HCBS Services at High Risk Under Republican Health Bill
Unlike nursing home care, which must be provided to all financially eligible beneficiaries who meet functional and medical criteria, states can control their expenditures for HCBS based on their fiscal and organizational capacity to support the services. States usually do this by limiting the number of slots available for people served by HCBS waivers and creating waiting lists, and they would likely further limit HCBS services under a per capita cap.
The largest share of state spending on optional Medicaid services by far goes for HCBS, new data from the Medicaid and CHIP Payment and Access Commission (MACPAC) show. MACPAC sorted 2013 Medicaid spending and enrollment data into four categories — spending on mandatory services for mandatory enrollees, optional services for mandatory enrollees, mandatory services for optional enrollees, and optional services for optional enrollees — and also looked separately at mandatory and optional spending on long-term services and supports, which include both institutional care and HCBS. Overall, MACPAC found that about two-thirds of all Medicaid spending was for services provided to seniors and people with disabilities, and just over one-third of total Medicaid spending was on optional services, with the bulk of those services going to seniors and people with disabilities:
- Optional services represented close to half of spending for care provided to people with disabilities and seniors, while less than 1 percent was for children and 29 percent was for adults without disabilities.
- Of the total $146.5 billion in spending on optional services, $129 billion (88 percent) was for services provided to seniors and people with disabilities.
- Most spending on optional services for both seniors (64 percent) and people with disabilities (57 percent) was for LTSS, but the share of mandatory spending on LTSS was much lower (15 percent) for people with disabilities than seniors (72 percent), showing the greater reliance on home- and community-based services for people with disabilities and higher concentration of spending on nursing home care for seniors.
Because HCBS represent such a large share of state spending on optional services, which states can cut, AHCA would likely lead to big increases in HCBS waiting lists or the elimination of HCBS waivers altogether in many states as federal funding shortfalls grew.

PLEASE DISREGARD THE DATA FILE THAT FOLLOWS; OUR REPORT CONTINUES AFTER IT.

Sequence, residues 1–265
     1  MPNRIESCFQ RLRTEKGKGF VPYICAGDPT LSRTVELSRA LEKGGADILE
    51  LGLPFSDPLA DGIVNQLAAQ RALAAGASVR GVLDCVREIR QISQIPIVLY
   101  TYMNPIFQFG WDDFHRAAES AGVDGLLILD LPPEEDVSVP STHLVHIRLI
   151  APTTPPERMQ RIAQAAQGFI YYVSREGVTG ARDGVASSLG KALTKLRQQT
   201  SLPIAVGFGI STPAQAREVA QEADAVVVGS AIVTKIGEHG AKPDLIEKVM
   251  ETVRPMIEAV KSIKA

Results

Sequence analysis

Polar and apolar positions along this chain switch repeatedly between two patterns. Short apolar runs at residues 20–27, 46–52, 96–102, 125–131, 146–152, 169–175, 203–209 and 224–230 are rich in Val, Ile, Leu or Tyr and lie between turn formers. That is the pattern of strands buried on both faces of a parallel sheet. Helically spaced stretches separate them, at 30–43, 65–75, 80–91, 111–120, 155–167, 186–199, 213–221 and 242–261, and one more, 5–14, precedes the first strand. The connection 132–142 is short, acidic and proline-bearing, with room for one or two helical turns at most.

The aging of the population adds to those risks. Per beneficiary costs for seniors will increase as the baby boomers age and more seniors move from “young-old age” to “old-old age.” A look at 32 states with available estimates shows that all these states will experience a rise in the share of seniors who are 85 and older between 2025 and 2035, in most cases by at least 25 percent. (See Figure 3.) People in their 80s or 90s have more serious and chronic health problems and are likelier to require long-term services and supports. For example, seniors aged 85 and older incurred average Medicaid costs in 2011 that were more than 2.5 times higher than those aged 65 to 74. But under the AHCA, each state’s funding per senior beneficiary would be based on its spending per senior beneficiary in 2016, so federal funding wouldn’t adjust to reflect the rise in seniors’ per-beneficiary costs. The resulting funding shortfall would further squeeze states’ capacity to keep up with the growing need for HCBS and other services.
States with lower per-beneficiary costs in 2016 would be even harder pressed to maintain their HCBS and meet future demands. An analysis of how states would have fared in 2011 had a cap like the AHCA’s been implemented in 2004 based on spending levels in 2000 showed that states with lower per-beneficiary spending in the base year experienced faster cost growth in subsequent years and were more likely to experience shortfalls in federal funding.
Per Capita Cap Would Affect Direct Care Workforce Providing HCBS
The per capita cap would also likely make it harder to meet the growing need for direct care workers who deliver HCBS, including nursing assistants, home health aides, and personal care aides, making it hard for many families to find the care they need. In 2014, there were 3.27 million direct care workers comprising 20.8 percent of the nation’s health workforce. The Bureau of Labor Statistics estimates an additional 1.1 million direct care workers will be needed by 2024 — a 26 percent increase over 2014.
Direct care workers generally receive low wages, averaging between about $10 and $13 an hour in 2015. A recent National Academy of Medicine report cited the need for adequate compensation and better training to address high turnover resulting from low pay and inadequate training.